Git storage – SHA1

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If you have ever worked with Microsoft’s Team Foundation version control tools, it wasn’t easy to switch to Git. That’s not because Git was complicated – no, nothing like that at all! It was simply because you had to forget almost everything you thought you knew about version control, and then learn it anew.

There are many fundamental differences between Git and TFVC, and one of the more obvious ones to any newcomer to Git is this:

If it wasn’t obvious on the first go, TFVC is on the left, Git is on the right

No, it’s not about the caption here. Indeed, TFVC calls individual snapshots of changes “changesets” and Git calls them “commits”, but that’s just terminology – the term in itself is not a fundamental difference. I am after something else here.

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Webinar: CI/CD from AL developer’s shoes

I am postponing this webinar! It appears that it coincides directly with a webinar held by Arend-Jan Kauffmann, so I’ll announce different dates for this one soon.

This webinar is moved to May, please check the sidebar.

After two very successful webinars about Git internals and Git branching models and strategies, I am now announcing the next one, titled CI/CD from AL developer’s shoes.

When talking about CI/CD, one word typically pops to mind: pipelines. But pipelines is just one aspect of this much wider and bigger topic. Let me just say this: Continuous integration was conceived a long time before anyone was thinking of pipelines. Continuous integration and delivery are sets of practices, a philosophy if you want, that must go through into every pore of the development process before pipelines can make much sense.

And while previous two webinars were almost agnostic of AL, and were presenting Git and related processes from nearly a pure Git perspective, this webinar has AL in central focus, and presents this important topic from the angle of an AL developer.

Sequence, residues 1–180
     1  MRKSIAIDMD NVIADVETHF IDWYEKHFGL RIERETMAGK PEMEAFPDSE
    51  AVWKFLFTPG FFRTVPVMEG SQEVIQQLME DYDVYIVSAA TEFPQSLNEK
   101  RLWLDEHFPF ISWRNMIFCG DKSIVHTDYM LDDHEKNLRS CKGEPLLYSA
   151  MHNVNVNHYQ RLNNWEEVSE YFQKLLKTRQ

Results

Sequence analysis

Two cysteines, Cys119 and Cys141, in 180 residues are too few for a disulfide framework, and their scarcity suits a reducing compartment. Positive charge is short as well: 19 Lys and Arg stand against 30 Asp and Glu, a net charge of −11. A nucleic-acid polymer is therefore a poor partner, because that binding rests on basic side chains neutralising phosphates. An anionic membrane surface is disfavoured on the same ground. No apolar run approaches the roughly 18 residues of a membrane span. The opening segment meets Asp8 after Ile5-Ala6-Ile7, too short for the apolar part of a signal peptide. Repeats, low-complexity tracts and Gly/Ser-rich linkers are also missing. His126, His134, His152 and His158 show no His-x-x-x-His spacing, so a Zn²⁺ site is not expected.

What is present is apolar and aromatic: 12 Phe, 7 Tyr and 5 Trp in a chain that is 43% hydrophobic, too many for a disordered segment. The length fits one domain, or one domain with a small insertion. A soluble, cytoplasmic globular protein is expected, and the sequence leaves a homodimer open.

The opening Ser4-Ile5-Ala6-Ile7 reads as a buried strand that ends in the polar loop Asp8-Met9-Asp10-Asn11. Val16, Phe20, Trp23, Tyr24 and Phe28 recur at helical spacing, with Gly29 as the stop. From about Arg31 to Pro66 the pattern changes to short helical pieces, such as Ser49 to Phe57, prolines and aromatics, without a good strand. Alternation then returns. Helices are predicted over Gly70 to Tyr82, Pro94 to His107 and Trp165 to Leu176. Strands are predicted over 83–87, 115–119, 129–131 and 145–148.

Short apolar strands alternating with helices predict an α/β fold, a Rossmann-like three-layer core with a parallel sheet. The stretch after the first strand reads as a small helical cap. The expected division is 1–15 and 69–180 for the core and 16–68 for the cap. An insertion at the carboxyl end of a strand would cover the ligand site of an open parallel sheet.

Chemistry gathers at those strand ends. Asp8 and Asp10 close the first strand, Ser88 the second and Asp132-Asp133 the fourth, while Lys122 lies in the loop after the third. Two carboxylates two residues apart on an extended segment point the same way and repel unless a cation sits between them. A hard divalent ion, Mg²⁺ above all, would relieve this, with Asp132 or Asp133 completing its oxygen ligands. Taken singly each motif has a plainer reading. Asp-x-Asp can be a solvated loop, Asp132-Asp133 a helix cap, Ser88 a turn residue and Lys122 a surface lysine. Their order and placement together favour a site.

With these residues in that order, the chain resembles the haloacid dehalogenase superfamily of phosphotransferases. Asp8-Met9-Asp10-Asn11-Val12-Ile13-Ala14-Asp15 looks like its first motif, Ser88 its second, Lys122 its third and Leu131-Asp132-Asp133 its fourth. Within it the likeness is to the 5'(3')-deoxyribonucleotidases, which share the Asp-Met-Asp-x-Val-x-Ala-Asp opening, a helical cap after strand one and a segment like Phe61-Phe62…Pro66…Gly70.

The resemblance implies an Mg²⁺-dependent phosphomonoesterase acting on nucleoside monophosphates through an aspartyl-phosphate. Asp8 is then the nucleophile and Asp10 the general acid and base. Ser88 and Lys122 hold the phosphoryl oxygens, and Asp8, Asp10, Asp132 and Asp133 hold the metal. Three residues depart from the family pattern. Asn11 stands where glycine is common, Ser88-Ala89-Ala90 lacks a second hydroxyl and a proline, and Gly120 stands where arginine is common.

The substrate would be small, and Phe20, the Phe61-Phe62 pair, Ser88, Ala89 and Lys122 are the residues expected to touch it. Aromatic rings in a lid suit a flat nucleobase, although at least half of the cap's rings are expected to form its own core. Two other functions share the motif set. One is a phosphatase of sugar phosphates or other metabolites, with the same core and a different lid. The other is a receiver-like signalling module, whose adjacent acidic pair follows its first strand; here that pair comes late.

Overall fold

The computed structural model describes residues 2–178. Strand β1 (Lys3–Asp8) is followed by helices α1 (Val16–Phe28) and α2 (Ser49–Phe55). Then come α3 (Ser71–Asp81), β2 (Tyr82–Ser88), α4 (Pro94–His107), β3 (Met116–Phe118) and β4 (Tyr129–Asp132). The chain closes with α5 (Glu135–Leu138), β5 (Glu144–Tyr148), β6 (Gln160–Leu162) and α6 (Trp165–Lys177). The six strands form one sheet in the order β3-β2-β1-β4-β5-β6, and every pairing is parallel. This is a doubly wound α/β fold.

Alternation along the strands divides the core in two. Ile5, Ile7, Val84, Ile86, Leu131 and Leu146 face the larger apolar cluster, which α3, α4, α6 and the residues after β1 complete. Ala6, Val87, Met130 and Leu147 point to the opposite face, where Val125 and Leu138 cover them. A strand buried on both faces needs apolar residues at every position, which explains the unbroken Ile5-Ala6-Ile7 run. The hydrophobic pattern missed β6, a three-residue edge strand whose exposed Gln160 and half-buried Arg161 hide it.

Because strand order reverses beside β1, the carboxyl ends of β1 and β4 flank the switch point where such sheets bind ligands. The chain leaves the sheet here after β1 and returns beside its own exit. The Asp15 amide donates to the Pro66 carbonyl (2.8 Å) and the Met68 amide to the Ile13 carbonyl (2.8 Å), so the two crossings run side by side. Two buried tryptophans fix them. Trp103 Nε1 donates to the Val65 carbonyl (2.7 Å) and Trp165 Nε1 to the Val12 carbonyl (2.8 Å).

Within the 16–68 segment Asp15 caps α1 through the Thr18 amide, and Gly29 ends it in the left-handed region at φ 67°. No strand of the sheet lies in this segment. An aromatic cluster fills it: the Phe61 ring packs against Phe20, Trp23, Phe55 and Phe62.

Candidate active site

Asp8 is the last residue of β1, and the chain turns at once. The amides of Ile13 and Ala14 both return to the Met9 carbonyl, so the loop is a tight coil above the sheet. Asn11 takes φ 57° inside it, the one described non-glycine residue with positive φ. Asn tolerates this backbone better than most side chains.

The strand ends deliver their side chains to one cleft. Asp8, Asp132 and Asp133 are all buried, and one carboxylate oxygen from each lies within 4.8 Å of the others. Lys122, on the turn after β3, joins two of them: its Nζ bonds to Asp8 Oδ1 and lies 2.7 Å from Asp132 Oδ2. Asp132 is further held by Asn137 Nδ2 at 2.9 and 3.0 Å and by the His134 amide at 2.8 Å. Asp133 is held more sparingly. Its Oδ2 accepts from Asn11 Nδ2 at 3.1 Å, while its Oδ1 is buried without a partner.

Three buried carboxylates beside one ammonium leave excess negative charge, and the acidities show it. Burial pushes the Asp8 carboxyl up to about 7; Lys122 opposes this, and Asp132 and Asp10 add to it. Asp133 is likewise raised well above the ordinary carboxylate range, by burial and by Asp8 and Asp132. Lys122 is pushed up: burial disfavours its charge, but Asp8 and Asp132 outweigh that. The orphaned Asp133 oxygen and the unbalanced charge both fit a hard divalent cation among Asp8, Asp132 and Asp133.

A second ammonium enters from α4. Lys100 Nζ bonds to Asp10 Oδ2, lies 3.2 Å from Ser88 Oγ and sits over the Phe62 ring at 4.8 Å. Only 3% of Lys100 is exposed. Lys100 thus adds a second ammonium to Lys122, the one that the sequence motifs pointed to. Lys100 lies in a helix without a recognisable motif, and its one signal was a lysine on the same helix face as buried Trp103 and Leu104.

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Webinar: Git branching models and strategies

A few days ago I’ve announced that there will be a new series of webinars. The last webinar was a success. Apart from a few people complaining that I talked fast, and that there was too much content, I got pretty good comments. People felt quite happy with the content and that the value they received was worth the money they invested.

One thing I’ve learned was that you want to learn more about various branching models and strategies. One thing is talking about Git from the technical angle – that’s what the last webinar was about; this time I am focusing on the strategy, how to make Git work inside your organization and how to organize your repository and workflow.

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Understanding renaming/moving files with git

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Source code files are living things. We add new ones and change their content on daily basis. Occasionally we delete them, too. Git is amazingly efficient when it comes to tracking these kinds of changes.

However, sometimes we need to change the file name, or file path, or both. And if you are an AL developer who has ever transformed a C/AL project into AL, you have probably done this at least once, for all .al files in the project.

And this is where git may surprise you. After you rename a file, sometimes you’ll notice that git detects it as a rename. But on other occasions it will not be the case.

Let’s dive in.

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